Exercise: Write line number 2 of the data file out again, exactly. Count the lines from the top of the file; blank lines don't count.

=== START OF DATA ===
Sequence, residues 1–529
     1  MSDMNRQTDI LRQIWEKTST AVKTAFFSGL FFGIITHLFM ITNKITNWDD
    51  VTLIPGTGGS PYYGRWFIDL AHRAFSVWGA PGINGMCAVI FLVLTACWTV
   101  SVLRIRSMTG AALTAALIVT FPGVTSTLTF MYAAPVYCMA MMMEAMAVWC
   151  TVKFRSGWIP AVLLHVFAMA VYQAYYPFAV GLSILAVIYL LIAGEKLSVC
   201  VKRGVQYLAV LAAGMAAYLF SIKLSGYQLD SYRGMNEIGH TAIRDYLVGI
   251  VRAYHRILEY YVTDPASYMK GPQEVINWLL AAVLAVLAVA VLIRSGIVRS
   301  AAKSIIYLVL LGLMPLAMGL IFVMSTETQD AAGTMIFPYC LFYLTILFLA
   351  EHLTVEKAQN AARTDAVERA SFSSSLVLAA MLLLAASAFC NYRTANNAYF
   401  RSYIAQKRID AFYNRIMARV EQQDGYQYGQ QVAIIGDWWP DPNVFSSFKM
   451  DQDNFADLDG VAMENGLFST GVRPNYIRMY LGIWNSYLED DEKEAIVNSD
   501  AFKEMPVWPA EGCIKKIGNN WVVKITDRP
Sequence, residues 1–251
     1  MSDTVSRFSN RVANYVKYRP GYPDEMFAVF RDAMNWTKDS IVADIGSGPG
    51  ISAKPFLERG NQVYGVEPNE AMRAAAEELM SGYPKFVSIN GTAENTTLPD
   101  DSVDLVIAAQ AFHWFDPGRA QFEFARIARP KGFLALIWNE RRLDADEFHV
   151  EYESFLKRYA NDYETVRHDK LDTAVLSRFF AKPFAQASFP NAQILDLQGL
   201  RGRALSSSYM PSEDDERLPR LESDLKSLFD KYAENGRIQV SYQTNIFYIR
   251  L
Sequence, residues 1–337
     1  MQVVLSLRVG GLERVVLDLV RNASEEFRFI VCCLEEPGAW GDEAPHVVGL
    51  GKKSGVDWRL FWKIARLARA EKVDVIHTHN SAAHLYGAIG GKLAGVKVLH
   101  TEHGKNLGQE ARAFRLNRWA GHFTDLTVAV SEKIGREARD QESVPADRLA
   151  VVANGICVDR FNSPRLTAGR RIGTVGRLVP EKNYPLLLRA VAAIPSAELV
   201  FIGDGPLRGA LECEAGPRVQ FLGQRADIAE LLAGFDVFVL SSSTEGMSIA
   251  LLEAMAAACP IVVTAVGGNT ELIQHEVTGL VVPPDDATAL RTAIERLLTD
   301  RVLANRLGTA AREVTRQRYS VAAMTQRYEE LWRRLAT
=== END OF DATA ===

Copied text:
     1  MSDMNRQTDI LRQIWEKTST AVKTAFFSGL FFGIITHLFM ITNKITNWDD